Cameron’s Fukuyama Moment

On ConservativeHome the plaudits are coming in for Cameron’s big foreign policy speech where he distanced himself from the Neo-Conservatives. Neatly skewering Blair by disassociating himself from Bush whilst emphasising the special relationship. Danny Kruger and Steve Hilton wrote the speech and it reflects their reading of Francis Fukuyama’s After the Neo-Cons. In fact the speech lifts not only Fukuyama’s themes but the entire argument, apart from the conclusion.

A liberal conservative approach to foreign policy today is based on five propositions.

First, that we should understand fully the threat we face.

Second, that democracy cannot quickly be imposed from outside.

Third, that our strategy needs to go far beyond military action.

Fourth, that we need a new multilateralism to tackle the new global challenges we face.

And fifth, that we must strive to act with moral authority.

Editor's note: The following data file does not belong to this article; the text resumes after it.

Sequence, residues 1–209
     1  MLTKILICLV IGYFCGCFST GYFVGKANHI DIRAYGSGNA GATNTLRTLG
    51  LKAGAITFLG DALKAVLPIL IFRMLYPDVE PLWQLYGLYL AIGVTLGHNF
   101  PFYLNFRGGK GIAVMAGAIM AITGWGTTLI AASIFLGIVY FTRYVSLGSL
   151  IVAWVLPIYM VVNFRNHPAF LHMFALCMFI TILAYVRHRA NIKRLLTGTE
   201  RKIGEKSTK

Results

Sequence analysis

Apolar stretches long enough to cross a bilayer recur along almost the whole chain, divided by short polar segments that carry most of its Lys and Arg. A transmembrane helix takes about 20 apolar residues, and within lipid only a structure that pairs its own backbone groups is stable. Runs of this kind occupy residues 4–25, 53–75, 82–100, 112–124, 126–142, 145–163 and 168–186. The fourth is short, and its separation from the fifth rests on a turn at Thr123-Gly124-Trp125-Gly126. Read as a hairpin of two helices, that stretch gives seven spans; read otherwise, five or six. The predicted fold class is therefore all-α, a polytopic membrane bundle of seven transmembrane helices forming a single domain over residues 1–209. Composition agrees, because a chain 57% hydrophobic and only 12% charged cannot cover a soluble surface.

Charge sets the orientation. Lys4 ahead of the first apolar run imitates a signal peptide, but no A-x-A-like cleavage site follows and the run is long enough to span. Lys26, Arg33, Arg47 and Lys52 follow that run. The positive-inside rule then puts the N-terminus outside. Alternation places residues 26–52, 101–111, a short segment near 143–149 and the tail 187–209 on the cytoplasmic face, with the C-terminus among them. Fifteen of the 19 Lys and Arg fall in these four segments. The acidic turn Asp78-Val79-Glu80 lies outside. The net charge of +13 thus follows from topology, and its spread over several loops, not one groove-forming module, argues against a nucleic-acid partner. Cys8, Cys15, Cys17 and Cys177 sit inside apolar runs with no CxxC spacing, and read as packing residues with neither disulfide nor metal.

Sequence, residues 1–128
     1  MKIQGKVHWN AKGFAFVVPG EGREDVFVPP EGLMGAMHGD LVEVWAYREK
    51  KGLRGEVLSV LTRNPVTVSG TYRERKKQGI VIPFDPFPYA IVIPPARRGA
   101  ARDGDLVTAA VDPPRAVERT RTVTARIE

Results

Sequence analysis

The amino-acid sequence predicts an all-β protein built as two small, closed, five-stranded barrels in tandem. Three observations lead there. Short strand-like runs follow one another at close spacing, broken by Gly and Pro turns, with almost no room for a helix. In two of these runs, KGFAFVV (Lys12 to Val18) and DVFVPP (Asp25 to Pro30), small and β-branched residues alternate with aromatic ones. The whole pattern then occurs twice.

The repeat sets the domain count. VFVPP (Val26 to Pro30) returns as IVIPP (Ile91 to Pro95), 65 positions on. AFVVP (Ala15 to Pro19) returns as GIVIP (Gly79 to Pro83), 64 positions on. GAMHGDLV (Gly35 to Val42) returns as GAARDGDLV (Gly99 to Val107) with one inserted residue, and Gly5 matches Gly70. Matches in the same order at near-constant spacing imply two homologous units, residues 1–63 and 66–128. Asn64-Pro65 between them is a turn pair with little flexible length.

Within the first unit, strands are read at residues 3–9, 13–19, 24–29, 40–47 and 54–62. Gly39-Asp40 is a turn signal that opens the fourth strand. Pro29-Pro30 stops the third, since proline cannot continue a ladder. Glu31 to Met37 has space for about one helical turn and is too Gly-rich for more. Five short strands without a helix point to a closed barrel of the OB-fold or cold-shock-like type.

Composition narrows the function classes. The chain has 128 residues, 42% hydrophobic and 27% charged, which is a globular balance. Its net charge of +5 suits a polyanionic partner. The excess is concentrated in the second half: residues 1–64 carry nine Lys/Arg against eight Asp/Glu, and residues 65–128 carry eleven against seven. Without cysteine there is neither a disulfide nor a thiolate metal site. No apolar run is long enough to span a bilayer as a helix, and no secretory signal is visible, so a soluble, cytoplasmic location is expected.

Those five points effectively precis After the Neo-Cons. In it Fukuyama writes

“the difficult question is exactly how the competing goals of legitimacy and effectiveness should be balanced”

Cameron says in his speech

“In deciding the most appropriate instrument for action, we will need to balance two factors: legitimacy, and effectiveness. These factors tend to work in opposite directions”

Interestingly although the arguments, phrasing and structure are the same, the conclusion is different. Fukuyama concluded the occupation of Iraq to be a mistake, Cameron has not followed the logic of the argument to that end. Not so much a dodgy dossier, more a dodgy conclusion…

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Quote of the Day

Trevor Kavanagh’s analysis of the Brexit process…

“Thanks to Mrs May and her useless Chancellor Phil Hammond, this will not come without pain. But we escape with imagination and true British grit or we will be boiled alive.

It means on this centenary Remembrance of our struggle against tyranny, we risk ceding non-military victory in Europe to the undemocratic forces of an unaccountable totalitarian regime.”


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